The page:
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Labor HHS Appropriations Bill on Senate Floor for First Time in a Decade

This week, the Senate will consider both the Defense and Labor-Health and Human Services (LHHS) Appropriations bills. Amendments will be offered on the floor of the Senate throughout this week, followed by a final vote.

The base bill passed out of the Appropriations Committee on June 28, 2018. Prior to the introduction of the bill, NRHA’s Government Affairs Team submitted written testimony asking for the needs of rural communities to be considered in the legislation. As requested, $318.8 million, $28 million above that provided in FY2018, was allocated for rural health programs. The Committee listened to the voice of rural Americans and responded with critical funding, explaining, “the obstacles faced by patients and providers in rural communities are unique and often significantly different than those in urban areas.”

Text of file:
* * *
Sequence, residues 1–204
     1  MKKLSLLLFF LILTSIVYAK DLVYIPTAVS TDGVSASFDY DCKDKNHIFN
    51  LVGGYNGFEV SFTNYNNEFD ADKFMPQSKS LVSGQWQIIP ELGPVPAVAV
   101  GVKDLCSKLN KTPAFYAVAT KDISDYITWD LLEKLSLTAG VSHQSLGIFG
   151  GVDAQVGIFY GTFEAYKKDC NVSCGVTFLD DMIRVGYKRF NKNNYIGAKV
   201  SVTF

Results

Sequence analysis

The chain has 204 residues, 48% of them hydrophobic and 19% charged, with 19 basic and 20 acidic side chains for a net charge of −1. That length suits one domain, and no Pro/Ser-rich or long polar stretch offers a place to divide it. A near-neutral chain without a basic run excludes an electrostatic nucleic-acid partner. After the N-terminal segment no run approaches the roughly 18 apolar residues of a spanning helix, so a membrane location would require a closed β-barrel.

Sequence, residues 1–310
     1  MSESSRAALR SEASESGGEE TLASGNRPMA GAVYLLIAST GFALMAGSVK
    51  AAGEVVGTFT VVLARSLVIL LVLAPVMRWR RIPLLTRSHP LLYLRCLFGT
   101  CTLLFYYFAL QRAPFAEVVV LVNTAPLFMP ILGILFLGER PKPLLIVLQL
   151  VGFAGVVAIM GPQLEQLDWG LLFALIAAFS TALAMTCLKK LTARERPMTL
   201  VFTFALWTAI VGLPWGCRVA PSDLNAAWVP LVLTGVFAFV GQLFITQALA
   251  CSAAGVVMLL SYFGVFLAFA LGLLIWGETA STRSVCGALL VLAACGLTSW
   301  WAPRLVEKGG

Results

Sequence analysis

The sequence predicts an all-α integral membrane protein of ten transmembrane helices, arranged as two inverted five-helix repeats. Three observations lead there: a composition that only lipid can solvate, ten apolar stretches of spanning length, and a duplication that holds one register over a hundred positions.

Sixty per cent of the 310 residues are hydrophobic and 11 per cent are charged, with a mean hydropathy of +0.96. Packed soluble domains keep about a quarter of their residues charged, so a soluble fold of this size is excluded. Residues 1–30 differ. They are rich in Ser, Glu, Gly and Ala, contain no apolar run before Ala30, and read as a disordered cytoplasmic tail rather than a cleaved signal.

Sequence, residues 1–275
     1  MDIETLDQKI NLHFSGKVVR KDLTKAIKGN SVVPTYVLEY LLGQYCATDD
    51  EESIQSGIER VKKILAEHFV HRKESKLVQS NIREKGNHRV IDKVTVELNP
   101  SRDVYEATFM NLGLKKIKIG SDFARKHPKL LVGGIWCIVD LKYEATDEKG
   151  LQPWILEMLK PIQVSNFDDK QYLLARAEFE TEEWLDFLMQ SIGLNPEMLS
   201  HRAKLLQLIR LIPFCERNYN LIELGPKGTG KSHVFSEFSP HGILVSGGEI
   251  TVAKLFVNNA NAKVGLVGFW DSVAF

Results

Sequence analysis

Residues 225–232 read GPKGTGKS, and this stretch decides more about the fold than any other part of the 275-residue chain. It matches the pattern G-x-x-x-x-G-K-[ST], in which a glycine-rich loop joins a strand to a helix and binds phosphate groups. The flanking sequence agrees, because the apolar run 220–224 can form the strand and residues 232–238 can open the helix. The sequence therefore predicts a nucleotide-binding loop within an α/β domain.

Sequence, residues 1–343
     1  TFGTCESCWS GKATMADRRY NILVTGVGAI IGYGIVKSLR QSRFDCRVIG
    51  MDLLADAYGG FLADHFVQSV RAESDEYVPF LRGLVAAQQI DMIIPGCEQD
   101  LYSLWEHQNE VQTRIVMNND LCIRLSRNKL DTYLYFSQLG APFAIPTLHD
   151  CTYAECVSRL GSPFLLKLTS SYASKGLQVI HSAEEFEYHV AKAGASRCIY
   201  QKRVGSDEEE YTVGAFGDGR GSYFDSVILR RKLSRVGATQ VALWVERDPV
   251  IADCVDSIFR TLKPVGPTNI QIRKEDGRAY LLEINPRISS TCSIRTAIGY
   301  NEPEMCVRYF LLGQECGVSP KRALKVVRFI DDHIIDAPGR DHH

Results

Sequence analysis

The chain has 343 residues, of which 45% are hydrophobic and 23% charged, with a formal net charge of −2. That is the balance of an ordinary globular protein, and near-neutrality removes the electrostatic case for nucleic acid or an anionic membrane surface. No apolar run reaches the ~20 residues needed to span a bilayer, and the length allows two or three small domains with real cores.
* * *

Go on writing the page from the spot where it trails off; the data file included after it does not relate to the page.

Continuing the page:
Funding includes:
  • Rural Hospitals: $318,794,000, of which $49,609,000 will be available for carrying out the Medicare rural hospital, and of those funds $15,942,000 will be available for the Small Rural Hospital Improvement Grant Program.
  • Community Health Centers: As key providers in rural areas, funding included for these facilities includes the $200 million for behavioral health discussed above, but total $1.63 billion for all Community Health Center services.
  • State Offices of Rural Health: $10,000,000 was made available for the State Offices of Rural Health for FY2019, as NRHA requested.